Everything You Never Knew You Wanted to Know About Berlin


If you could design Kottbusser Tor anew what would your design be like? If you were Dali, you´d most likely chop the viaduct in half, put a giraffe in the middle of the gap and melt all the clocks. If you were Christo and Jeanne-Claude, youwould wrap it up in fabric and spare the ribbon. But as Tita Giese, the German artist and landscape architect, you would use the large traffic island in its middle to put a glass box and plant some reed (which might be a type of perennial grass but still should not be confused with Kotti´s other most popular plant).

Tita Giese´s best known projects include giving a completely new and only partly greener face to Stresemannplatz in Düsseldorf where stapled racks of old car tyres filled with soil became new beds for tall yucca trees, and giving palm trees, bamboo and fungi injections to Hamburg (she famously injected the felled poplar tree stumps with oyster mushrooms to develop their wing-like cultures and make the stumps more pleasing to the eye). Now she is planning to change the face of Kotti, too.

One of the things you have to like about Giese – and after watching and reading several interviews with the self-proclaimed “horticultural composer” one must admit that there might not be many of them – is her consequence. Giese´s designs are immediately recognisable. For the past 30 years she´s been using spaces left over by architecture in urban landscapes and filling them with man-made “Nature”.

Her plans for Kottbusser Tor were created together with Henning Strassburger, a young painter with a studio in Berlin-Kreuzberg. Giese´s idea to introduce reed as the main plant topic has its roots deep in Berlin´s history: the German capital was built on marshy lands, on swamps between the numerous rivers and lakes. And reed, a plant famous for its cosmopolitan nature and growing in all climate zones from tundra to the tropics, is their most common inhabitant. Plus, if you were to go a bit further into this fantasy, you could say that its multicultural presence and its ability to survive in hard conditions make it a perfect candidate for growing around Kotti.

Strassburger´s contribution to the design is the idea to close the reed and the little swamp it will be growing on in a glass display case – for obvious reasons, the glass case will be made of very, very thick glass… Which sounds great and convincing and, let´s be honest, quite cool. Especially if think about all of those car lights that would be reflecting from it by night. But the reflections won´t happen as the artists want to install large LCD panels on the sides of the case for even more ads to be presented to the visually overstimulated nation. The money from renting that ad space would flow into the project and its maintenance but still, it doesn´t sound quite so cool any more.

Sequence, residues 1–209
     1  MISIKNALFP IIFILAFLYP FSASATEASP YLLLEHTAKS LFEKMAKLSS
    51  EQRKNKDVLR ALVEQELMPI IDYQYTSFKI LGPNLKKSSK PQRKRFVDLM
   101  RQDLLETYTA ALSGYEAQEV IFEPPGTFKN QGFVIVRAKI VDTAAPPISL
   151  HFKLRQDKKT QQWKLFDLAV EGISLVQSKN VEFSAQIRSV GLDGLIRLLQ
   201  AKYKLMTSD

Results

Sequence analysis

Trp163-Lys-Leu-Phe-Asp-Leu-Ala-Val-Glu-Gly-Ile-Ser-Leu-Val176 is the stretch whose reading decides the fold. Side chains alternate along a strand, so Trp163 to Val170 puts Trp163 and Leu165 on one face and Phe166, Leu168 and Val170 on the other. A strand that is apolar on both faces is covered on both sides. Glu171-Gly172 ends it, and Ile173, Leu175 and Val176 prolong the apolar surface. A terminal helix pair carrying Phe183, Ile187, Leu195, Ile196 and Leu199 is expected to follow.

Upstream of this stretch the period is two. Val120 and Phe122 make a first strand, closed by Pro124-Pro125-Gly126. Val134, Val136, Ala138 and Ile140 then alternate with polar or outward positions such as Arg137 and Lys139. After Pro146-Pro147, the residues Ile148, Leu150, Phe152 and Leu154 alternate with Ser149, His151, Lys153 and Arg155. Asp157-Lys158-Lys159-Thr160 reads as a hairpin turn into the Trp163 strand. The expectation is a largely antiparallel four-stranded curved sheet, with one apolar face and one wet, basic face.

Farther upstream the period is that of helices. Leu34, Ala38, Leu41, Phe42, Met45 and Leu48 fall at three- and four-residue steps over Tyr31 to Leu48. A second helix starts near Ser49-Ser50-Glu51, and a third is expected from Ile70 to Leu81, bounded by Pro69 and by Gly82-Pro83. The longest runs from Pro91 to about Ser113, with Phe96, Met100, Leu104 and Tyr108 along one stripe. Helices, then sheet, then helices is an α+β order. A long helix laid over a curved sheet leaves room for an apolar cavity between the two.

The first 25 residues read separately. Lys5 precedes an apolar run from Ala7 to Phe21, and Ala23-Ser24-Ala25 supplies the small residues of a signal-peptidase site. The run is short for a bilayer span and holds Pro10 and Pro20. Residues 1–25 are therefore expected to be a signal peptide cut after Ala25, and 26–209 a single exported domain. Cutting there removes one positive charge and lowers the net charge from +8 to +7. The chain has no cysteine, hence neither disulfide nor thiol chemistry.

For those would be no small panels. The glass display case is to have 8-metre long side-walls and be 3.5 metre high. The 35-centimetre deep swamp at its bottom will be fed with fresh water through a special closed system. Its surface is to be covered with silver strips of shredded DVDs (another of Giese´s personal marks is using all sorts of unconventional material to grow her plants on or among). The trees already growing around Kotti would become part of the project as well: the right kind of lighting would make them look clear-cut and pure of form. And they would be surrounded by concrete floor only.

It´s difficult to judge the overall idea as it seems to have some fantastic elements mixed with some pretty unconvincing ones. Still, considering the current visual side of Kotti, any change would be an improvement. The reed sounds like a brilliant touch and so does the swamp and even the weakest (literally – we are at Kottbusser Tor, remember?) link of the glass case sounds good. The LCD panels might fail to impress – what works for Times Square or for Trafalgar Square might fail to light up the faces around Kotti. There´s enough over-stimulation and confusion and traffic around it as it is.

Plus Tita Giese would very much welcome sprayers´s efforts on the outer walls of the display case. Tags look like Asian lettering against the background of reeds, she claims. In which case I´d say: bring more reeds. The tags are already there.

Tita Giese´s Stresemannplatz in Düsseldorf (photo: Sabine Remy through

Tita Giese´s Stresemannplatz in Düsseldorf (photo: Sabine Remy through

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